The Valentine’s Day treat that boosts energy levels, heart health, vision, and more

Chocolate has long been associated with Valentine’s Day. But its origins are much more prosaic than romantic.

Chocolate comes from the beans of the cacao tree native to Central and South America. Although chocolate is now available in just about any form imaginable, originally it was a beverage. And it wasn’t sweet.

In fact, the Mayans of Central America, and perhaps earlier cultures, drank thick, frothy, bitter, natural chocolate drinks with many of their meals, at celebrations, or to finalize commercial transactions. The Aztecs of Central Mexico also consumed chocolate as a beverage, although they reserved it for the upper classes. They even used cacao beans as a currency, and considered it more valuable than gold.

The legendary Aztec ruler Montezuma was said to drink gallons of chocolate every day, believing it gave him energy. And modern science shows he wasn’t wrong.

Many studies show that compounds in cacao called flavanols have antioxidant and anti-inflammatory properties (as I discuss on page 8). In fact, research shows flavanol-rich foods like chocolate benefit vascular function, flexibility, and blood circulation.

And as Montezuma discovered, all of those benefits help boost your overall energy—as well as your heart health.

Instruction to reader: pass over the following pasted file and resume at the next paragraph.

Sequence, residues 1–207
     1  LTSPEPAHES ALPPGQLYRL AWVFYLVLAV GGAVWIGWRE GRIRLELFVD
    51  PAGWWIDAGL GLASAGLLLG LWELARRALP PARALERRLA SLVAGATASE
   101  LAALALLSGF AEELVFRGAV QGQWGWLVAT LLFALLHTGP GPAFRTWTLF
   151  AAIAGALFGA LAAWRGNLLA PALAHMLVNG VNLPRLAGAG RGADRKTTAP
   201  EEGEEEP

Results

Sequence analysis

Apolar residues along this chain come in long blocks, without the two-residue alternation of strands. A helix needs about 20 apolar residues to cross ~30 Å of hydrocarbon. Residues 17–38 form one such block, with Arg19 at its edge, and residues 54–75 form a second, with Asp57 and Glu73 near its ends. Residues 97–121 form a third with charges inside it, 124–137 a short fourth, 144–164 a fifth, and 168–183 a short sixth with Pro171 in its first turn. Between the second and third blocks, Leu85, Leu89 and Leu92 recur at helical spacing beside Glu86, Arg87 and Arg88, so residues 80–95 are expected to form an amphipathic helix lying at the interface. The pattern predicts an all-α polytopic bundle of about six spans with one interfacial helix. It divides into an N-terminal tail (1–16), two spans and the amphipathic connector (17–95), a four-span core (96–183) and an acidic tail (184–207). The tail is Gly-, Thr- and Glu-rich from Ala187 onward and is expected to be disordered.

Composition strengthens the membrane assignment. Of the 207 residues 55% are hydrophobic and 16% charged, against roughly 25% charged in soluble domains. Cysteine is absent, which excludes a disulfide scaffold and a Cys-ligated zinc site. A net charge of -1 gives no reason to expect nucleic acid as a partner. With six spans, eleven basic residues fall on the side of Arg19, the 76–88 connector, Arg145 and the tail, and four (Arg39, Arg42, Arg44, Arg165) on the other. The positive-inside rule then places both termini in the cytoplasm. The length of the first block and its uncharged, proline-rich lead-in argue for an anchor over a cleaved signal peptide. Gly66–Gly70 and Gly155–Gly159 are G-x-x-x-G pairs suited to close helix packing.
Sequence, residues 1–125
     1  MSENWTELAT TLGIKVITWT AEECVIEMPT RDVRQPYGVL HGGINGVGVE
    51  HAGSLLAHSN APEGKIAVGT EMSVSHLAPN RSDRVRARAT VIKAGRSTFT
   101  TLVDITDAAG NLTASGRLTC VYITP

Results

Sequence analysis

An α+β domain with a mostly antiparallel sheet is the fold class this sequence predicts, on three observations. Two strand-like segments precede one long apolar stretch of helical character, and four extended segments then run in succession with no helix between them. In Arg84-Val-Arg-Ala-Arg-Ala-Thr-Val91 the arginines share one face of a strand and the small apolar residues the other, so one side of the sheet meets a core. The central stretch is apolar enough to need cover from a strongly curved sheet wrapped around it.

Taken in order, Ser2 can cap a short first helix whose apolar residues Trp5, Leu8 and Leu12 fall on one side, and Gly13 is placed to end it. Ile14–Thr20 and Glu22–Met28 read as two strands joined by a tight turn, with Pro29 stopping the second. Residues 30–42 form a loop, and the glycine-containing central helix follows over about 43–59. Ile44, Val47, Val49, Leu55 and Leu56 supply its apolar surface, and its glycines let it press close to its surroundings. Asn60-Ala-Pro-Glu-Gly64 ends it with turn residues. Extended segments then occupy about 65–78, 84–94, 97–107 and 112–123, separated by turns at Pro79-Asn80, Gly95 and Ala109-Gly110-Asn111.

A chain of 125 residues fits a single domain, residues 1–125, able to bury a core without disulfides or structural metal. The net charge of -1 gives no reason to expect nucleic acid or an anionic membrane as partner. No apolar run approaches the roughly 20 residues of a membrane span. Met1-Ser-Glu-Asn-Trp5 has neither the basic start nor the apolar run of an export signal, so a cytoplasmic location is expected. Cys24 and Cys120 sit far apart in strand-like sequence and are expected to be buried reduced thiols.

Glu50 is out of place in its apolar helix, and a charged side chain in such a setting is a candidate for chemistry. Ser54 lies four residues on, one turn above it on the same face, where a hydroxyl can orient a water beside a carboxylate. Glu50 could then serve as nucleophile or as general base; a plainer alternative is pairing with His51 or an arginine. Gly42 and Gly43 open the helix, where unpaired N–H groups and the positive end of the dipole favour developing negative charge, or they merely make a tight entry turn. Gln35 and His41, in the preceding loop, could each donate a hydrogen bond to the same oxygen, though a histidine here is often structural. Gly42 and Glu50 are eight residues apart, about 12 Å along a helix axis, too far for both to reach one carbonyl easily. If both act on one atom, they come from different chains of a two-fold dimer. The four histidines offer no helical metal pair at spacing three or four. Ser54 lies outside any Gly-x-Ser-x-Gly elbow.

There’s also research showing that chocolate’s ability to increase blood flow can offer a significant temporary boost in eyesight (as I discussed in last February’s Insiders’ Cures [“Four simple lifestyle changes that will naturally sharpen your vision and boost your hearing for years to come”]).

We often find that what’s beneficial for the eyes is also good for the brain since both tissues develop from the same embryological cells. So, it’s not surprising that there’s evidence that chocolate supports brain health, too…

Chocolate oxygenates your brain and improves cognition

I often write about the importance of maintaining good circulation and healthy blood supply to the brain for energy, nutrients, and oxygen. A new study demonstrates that the flavanols in chocolate boost brain oxygenation and cognition in healthy adults.1

Researchers recruited 18 men who had no documented brain, circulatory, heart, or respiratory disease. Each participant underwent a brain scan and cognitive testing, and then drank a cup of cocoa rich in flavanols. The men also underwent the same scan and testing before drinking cocoa that was lower in flavanols.

Two hours after consumption of each type of cocoa, the participants breathed in air with 5 percent carbon dioxide (CO2)—which is about 100 times the normal concentration of CO2 in the air at sea level. This is the standard method for challenging blood circulation. The heart typically reacts by increasing blood flow to the brain in order to bring in more oxygen and eliminate more CO2.

The researchers then measured oxygenation in the participants’ brains and asked each man to perform complicated cognitive tasks.

Results showed that 14 of the 18 participants had triple the brain oxygenation after drinking the high-flavanol cacao, compared with those who drank the low-flavanol cocoa. The oxygenation response time was also one minute better in the high-flavanol group versus the low-flavanol group.